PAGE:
Menstruation and Menstrual problems
Menstruation, or a period, is the normal vaginal bleeding that occurs in women, as part of a monthly cycle that prepares a woman’s body for pregnancy. If no pregnancy occurs, the uterus, or womb, sheds its lining. The menstrual blood is partly blood and partly tissue from inside the uterus. It passes out of the body through the vagina.
Periods usually start between age 11 and 14 and continue until menopause at about age 51. They usually last from three to five days. Besides bleeding from the vagina, a woman may have;
- Abdominal or pelvic cramping
- Lower back pain
- Bloating and sore breasts
- Food cravings
- Mood swings and irritability
- Headache and fatigue
However, there are a variety of common problems that women may experience with their menstrual cycle, and these can occur at any age. Many are completely harmless but can cause significant distress to women experiencing them. The most common problems seen are;
- Amenorrhoea – the absence of periods.
- Oligomenorrhoea – irregular periods
- Dysmenorrhoea – painful periods
- Menorrhagia – heavy periods
- Pre-menstrual syndrome (PMS)
Used to describe the complete absence of periods, this is classified as either primary or secondary, with up to 30% of women experiencing some form of this at some time during their reproductive years. Primary amenorrhoea occurs if an otherwise healthy female has not had any periods by the time she is 16. Secondary amenorrhoea is defined as occurring when periods stop for at least 6 consecutive months, in a woman who has previously had a regular menstrual cycle.
Most cases of amenorrhoea are due to hormonal irregularities, and stopping hormonal contraception after a long time of use is a common cause. However, stress and being severely underweight may also trigger it as can excessive exercise regimens.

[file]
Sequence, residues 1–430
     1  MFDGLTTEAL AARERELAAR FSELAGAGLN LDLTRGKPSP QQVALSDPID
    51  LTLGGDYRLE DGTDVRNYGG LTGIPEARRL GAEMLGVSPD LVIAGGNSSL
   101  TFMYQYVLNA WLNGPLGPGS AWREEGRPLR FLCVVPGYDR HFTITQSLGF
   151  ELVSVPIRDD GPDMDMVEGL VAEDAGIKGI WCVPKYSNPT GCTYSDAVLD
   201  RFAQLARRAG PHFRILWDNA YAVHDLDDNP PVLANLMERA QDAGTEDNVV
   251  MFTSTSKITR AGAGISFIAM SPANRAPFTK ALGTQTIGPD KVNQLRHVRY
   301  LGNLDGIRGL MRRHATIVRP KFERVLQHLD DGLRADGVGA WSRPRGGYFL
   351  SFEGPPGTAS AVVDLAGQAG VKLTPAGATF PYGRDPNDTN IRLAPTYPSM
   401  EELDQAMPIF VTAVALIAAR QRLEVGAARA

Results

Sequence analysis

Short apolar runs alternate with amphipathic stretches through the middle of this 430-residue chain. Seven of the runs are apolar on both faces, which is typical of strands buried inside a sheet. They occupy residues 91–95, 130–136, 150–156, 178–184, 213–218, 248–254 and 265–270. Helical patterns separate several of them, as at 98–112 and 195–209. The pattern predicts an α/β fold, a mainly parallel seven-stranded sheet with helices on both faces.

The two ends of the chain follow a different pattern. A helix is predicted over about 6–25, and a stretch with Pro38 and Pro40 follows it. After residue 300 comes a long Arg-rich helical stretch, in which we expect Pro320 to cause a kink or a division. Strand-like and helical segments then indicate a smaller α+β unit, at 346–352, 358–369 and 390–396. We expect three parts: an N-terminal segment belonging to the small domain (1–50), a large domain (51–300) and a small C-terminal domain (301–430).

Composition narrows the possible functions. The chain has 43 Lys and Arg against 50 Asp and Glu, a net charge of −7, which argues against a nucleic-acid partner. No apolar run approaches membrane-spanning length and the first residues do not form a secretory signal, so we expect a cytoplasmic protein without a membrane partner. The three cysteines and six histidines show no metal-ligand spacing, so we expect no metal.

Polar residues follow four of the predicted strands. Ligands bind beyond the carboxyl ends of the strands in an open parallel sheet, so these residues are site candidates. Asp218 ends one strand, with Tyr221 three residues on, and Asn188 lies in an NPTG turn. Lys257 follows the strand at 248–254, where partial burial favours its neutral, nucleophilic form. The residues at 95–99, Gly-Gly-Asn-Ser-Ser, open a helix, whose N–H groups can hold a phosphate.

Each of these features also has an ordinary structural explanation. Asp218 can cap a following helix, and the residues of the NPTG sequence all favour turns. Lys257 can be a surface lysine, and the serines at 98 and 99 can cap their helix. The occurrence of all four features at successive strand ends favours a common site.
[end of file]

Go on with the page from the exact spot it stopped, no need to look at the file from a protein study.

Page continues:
Treatment depends on the underlying cause and may not be needed, especially if fertility is not an issue.
With infrequent, or irregular periods (oligomenorrhoea), menstruation can happen between once every 6 weeks and 6 months. Causes can be similar to those for amenorrhoea, along with the condition polycystic ovary syndrome (PCOS) which is an inherited disorder affecting the ovaries which causes irregular periods, weight gain and excessive body hair.
Significant period pain (dysmenorrhoea) is severe enough in 10% of women to interfere with their normal daily activities and can occur before or during menstruation. There may also be associated nausea, headaches and diarrhoea and the pain can last from a few hours up to 72 hours. There is often no cause for it but if a cause is present this is often found to be either endometriosis or fibroids.
Endometriosis occurs when cells that normally line the womb are found in places outside the womb. These respond to the normal hormonal changes in each menstrual cycle by building up, breaking down and bleeding as does the womb lining normally – but as these cells are outside the womb, the bleeding has no way of leaving the body, so these cells build up and lead to pain and swelling.
Fibroids are harmless growths in the womb lining that affect around 1 in 5 women in their lifetime, and can be small or large. They may cause no symptoms at all, or cause significant pain and heavy periods.
In both endometriosis and fibroids, treatment may not be necessary but if it is then both hormonal treatments and surgery are options.
Defined as excessively heavy period bleeding that occurs repeatedly, menorrhagia typically causes blood loss of more than 80mls, double the expected normal period blood loss. Although conditions such as fibroids or endometriosis often cause it, there may be no obvious cause found and so treatment is unique to each individual. Options include the contraceptive pill, non-hormonal treatments such as tranexamic acid (Ponstan) and fitting an IUCD device (the ‘coil’) into the womb. Severe cases may require surgery either in the form of removing the womb lining, or a hysterectomy.
Pre-menstrual syndrome (PMS)
For many women, the normal hormonal fluctuations that occur during each menstrual cycle cause few problems but for others this can be a source of great misery and distress. There are dozens of possible symptoms caused by PMS but the most usual ones include low mood, irritability and anger, breast tenderness, bloating and fatigue. Symptoms typically occur in the week before a period starts and stop quickly once bleeding occurs, occurring most commonly in the 30-46 year age group. Treatments include natural therapies such as evening primrose oil, vitamin B6 and St John’s Wort with conventional treatments including the contraceptive pill, hormonal treatment and a group of antidepressants called selective serotonin reuptake inhibitors (SSRIs).